Washington, DC– Today Rep. Cathy McMorris Rodgers (R-WA), House Majority Whip Steve Scalise (R-LA), Rep. Erik Paulsen (R-MN), and Senator David Vitter (R-LA) released the following statement after introducing the Steve Gleason Act of 2015 in the House, which ensures patients have access to speech generating devices (SGDs). This technology allows millions of Americans with degenerative and crippling medical conditions to communicate with the outside world. This commonsense legislation reverses shortsighted policy changes made by the Centers for Medicare and Medicaid Services (CMS) that have limited access to this technology and made communication impossible for individuals suffering from degenerative conditions.
“We live in a 21st-centuryworld in which innovative technologies empower millions of Americans living with degenerative disabilities to effectively communicate. Unfortunately, shortsighted and cumbersome CMS policies have limited their ability to benefit from tools that help lead to independent, productive lives. After hearing from the ALS community, including Steve Gleason, an individual whose perseverance and commitment to expanding access to speech generating devices is inspiring, we continue our efforts to advocate for these men and women in Congress. All Americans living with ALS and other degenerative diseases should have the opportunity to communicate with family, friends, care providers and the outside world, and this legislation will make that a possibility. It will help millions of men and women utilize technologies that can tremendously improve their quality of life. Together we are united in standing up for all people who are suffering from these CMS policies.”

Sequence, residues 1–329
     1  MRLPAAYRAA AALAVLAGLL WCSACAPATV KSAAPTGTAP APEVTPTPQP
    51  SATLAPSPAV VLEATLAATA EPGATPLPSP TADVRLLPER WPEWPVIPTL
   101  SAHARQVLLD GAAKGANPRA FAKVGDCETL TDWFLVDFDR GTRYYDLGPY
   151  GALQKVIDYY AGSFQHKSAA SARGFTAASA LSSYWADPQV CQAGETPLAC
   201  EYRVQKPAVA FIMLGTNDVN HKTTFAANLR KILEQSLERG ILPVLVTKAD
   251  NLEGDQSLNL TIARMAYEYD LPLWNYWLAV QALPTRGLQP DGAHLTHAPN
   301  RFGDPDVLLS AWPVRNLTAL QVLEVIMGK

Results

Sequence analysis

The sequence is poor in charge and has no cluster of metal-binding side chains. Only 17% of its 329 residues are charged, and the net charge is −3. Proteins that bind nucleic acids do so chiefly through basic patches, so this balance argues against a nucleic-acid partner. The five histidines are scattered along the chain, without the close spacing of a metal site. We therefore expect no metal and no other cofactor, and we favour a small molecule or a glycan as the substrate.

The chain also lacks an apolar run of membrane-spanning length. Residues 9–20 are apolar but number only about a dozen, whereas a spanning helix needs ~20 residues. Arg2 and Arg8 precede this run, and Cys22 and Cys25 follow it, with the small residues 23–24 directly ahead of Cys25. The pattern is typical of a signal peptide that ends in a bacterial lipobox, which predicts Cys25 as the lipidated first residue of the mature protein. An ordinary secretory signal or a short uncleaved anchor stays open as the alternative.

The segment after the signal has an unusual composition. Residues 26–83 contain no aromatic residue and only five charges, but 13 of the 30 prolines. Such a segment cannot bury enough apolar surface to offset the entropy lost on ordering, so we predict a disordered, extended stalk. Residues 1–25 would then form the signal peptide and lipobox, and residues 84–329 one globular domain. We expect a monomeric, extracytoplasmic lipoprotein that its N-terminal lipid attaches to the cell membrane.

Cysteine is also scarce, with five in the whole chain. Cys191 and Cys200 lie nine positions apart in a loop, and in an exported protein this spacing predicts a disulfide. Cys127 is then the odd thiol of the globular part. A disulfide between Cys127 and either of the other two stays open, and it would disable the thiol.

The Steve Gleason Act of 2015 will reverse CMS’s capped rental policy, allowing patients to own their devices and continue to use them in facilities such as nursing homes. Additionally, it clarifies that Medicare will cover eye tracking and gaze interaction accessories for patients with demonstrated medical needs.
In September 2014, Representatives McMorris Rodgers, Scalise, Paulsen and Senator Vitter were joined by 200 Members in sending a bipartisan, bicameral letter to CMS and Administrator Marilyn Tavenner seeking an explanation for policy changes, including the prevention of unlocking of SGD devices. CMS responded by showing a willingness to modernize their regulations to allow beneficiaries to benefit from new technologies that give individuals the ability to communicate on state of the art devices in ways never thought possible. While it is encouraging the Administration has made an effort to work with Congress by opening a new National Coverage Determination (NCD), the NCD process will take an additional seven months, while CMS’s capped rental policy and directives on coverage of eye tracking accessories continue to disproportionately and presently affect patients who rely on speech generating devices. The goal of this legislation is to help patients right away who have currently lost the ability to use these devices due to these regulations.
In January 2011, Steve Gleason, a former New Orleans Saints player, was diagnosed with Amyotrophic Lateral Sclerosis (ALS). He has since been confined to a wheel chair and has lost his ability to speak. Steve has used the same perseverance he exhibited on the football field with this disease and has made it his mission to expand access to the speech generating device that he uses to communicate with his wife, son, family, friends, and caregivers. Since his diagnosis he formed a foundation, “Team Gleason,” which helps provide individuals with neuromuscular diseases with leading edge technology, and create a global conversation about ALS to ultimately find effective treatments and a cure.